Washington, D.C. had a taste of the Vineyard last month when three Island chefs traveled to the nation’s capital to participate in Sips and Suppers. The annual fundraiser brings together the country’s top chefs for Martha’s Table and DC Central Kitchen, two soup kitchens in the area.
Vineyard chefs Jan Buhrman of Kitchen Porch Catering in Edgartown, Teddy Diggs of the Home Port in Menemsha and Regina Stanley of the ArtCliff Diner in Vineyard Haven brought Vineyard-raised shellfish, meat and vegetables to the Jan. 22 event. Each chef was paired with other chefs to prepare a multi-course dinner for 20 people at various homes throughout the D.C. area. Tickets started at $550 a plate, and the event raised close to $300,000.
Martha’s Table provides food and clothing programs, and DC Central Kitchen provides job training and meal distribution to homeless and unemployed adults with histories of addiction and incarceration.
Ms. Buhrman, whose diners included acclaimed farm-to-table chef Alice Waters and White House chef Sam Kass, served Katama oysters and bay scallops as her first course. She worked alongside Rob Weyland of Cork in Washington, DC.
“It’s a great opportunity to meet and connect with people who are trying to make a difference in the food world,” she said, adding she’d like to see a similarly styled event on the Vineyard in the near future.
Ms. Buhrman and Mr. Weyland also prepared a braised rabbit with leeks, cabbage warmed with apples, market greens and a barley risotto.
Mr. Diggs, a former Washington, D.C. chef, said he was excited to return to his old stomping grounds for a good cause, and had the chance to work with some of the D.C. Central Kitchen graduates. Mr. Diggs has assisted chef friends in the past, but this was his first year being invited as a lead chef.
But the company wasn’t too unfamiliar – Mr. Diggs cooked at Sarah and Bob Nixon’s home in Georgetown. Mr. and Mrs. Nixon own the Home Port.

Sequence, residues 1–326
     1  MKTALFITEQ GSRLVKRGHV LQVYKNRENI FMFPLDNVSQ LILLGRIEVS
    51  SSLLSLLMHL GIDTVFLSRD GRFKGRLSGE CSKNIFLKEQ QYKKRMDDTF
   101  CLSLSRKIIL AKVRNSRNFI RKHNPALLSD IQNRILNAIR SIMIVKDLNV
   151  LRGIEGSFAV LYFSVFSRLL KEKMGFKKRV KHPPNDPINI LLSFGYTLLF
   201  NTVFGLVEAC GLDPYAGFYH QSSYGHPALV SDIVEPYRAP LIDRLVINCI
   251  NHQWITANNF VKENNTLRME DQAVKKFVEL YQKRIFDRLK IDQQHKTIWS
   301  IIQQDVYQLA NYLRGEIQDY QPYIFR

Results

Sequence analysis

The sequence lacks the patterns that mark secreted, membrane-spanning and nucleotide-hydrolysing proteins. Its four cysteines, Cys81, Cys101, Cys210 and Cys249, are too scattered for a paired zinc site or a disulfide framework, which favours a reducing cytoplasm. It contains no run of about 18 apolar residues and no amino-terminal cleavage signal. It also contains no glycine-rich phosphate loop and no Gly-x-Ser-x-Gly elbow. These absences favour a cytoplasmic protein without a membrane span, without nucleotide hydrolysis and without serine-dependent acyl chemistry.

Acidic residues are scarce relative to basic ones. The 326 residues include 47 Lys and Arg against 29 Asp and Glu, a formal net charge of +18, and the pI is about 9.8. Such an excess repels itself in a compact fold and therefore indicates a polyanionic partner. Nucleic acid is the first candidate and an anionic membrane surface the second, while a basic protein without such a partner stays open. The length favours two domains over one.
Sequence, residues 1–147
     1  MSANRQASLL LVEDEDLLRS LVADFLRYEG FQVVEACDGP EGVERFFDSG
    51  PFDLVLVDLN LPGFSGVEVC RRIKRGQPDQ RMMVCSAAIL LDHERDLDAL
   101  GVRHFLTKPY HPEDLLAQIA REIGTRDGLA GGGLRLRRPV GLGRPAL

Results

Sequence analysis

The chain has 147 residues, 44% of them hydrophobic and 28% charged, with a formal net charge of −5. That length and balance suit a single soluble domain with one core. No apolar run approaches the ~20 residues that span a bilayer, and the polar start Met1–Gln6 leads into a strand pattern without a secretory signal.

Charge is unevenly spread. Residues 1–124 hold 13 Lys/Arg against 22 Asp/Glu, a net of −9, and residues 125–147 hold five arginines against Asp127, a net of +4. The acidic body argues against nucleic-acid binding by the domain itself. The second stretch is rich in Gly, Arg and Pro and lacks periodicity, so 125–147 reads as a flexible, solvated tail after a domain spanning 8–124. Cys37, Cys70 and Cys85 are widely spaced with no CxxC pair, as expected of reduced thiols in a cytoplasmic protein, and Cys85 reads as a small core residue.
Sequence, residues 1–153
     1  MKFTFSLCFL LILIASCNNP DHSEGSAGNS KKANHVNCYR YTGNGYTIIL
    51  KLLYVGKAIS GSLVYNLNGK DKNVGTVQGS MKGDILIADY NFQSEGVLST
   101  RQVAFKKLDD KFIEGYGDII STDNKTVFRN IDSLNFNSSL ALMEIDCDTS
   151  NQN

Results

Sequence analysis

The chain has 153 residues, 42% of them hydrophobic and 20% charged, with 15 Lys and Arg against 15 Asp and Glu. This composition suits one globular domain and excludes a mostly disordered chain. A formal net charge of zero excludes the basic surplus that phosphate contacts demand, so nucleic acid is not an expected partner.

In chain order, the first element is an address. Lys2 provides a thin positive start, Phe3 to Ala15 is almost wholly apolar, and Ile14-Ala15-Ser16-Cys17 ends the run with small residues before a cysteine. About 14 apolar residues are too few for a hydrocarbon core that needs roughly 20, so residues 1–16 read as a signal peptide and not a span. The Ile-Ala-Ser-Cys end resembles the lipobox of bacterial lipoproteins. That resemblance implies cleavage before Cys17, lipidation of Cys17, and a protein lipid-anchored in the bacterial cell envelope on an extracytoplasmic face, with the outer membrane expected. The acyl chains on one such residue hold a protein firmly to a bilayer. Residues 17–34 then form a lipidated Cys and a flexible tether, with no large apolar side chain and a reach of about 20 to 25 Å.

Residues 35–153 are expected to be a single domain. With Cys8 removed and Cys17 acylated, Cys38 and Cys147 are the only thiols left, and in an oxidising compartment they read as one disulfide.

Mr. Diggs also brought scallops, oysters and some kelp from Menemsha Beach.
“It was terrific,” he said. “It was a whirlwind experience and I’m so glad I got to bring the scallops and signature oysters.”
Mr. Diggs was paired with KoJo Nnamdi, an NPR host, and Barton Seaver, a former chef who now is “on a mission to talk about restorative ecosystems” and how it applies to the food system, something Mr. Diggs and the Nixons are very focused on at the Home Port, he said.
Together they made a Vineyard bay scallop tartar, a roasted winter vegetable salad, Alaskan salmon, braised lamb shoulder and striped bass soaked in Menemsha kelp with water grilled over peach wood embers.
Todd Christy of Chilmark Coffee donated some grounds for Mr. Diggs’s dinner.
It was also a homecoming for Ms. Stanley, a former Blair House chef, who brought down Vineyard cranberries, Morning Glory Farm winter vegetables, Grey Barn pork and Nantucket blackberries.
Ms. Stanley, who cooked with Washington, D.C. Chefs Ruth Gresser of Pizza Paradiso and Douglas Singer of Pete’s New Haven Pizza, cooked at another Vineyard family’s home – Hank and Carol Goldberg. Together they made a cranberry chutney with potato pancakes and duck confit, Morning Glory Farm vegetable soup with Grey Barn Farm pork.
While the evening was an exciting event, it was the night before the fund-raiser, when Ms. Stanley had the opportunity to meet DC Central Kitchen participants who made an impact.
“I met a lot of people who were in homeless shelters and just out of prison going through the cooking program, and it was nice to meet people who had opportunity to work in the trade,” she said. “They were really interested in what they were doing . . . I even got a couple phone numbers for people to come up and work for me.”